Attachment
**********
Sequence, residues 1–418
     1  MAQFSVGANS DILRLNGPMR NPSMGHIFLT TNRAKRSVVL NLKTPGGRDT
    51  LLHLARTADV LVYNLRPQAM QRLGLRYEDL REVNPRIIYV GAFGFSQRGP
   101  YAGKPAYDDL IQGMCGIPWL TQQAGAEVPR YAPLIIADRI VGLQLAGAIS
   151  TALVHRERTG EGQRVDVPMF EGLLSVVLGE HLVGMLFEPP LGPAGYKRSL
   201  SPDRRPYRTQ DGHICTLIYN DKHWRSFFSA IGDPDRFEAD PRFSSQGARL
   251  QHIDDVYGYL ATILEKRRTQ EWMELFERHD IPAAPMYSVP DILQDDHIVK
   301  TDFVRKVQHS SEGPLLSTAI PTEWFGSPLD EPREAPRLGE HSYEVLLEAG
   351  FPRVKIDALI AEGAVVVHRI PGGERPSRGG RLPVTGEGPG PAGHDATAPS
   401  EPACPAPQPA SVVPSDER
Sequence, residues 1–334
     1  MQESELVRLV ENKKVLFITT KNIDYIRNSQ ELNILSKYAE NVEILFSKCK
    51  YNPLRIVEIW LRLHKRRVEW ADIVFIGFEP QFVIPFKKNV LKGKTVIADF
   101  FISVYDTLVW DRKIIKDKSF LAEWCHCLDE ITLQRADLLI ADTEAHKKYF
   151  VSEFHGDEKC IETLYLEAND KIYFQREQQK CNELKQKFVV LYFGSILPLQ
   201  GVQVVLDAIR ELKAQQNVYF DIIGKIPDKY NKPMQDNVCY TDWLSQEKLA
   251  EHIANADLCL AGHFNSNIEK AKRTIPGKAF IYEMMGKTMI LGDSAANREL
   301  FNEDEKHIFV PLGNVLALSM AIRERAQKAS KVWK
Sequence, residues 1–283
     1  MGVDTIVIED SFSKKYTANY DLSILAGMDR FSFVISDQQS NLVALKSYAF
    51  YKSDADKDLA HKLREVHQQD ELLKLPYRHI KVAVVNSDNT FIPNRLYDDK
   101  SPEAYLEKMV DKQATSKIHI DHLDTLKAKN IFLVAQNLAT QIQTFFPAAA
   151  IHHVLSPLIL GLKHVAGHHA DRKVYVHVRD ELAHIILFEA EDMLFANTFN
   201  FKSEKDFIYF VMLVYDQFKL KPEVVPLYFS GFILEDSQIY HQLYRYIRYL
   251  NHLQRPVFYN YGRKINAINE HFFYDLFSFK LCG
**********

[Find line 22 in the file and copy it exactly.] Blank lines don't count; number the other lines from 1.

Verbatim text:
   101  SPEAYLEKMV DKQATSKIHI DHLDTLKAKN IFLVAQNLAT QIQTFFPAAA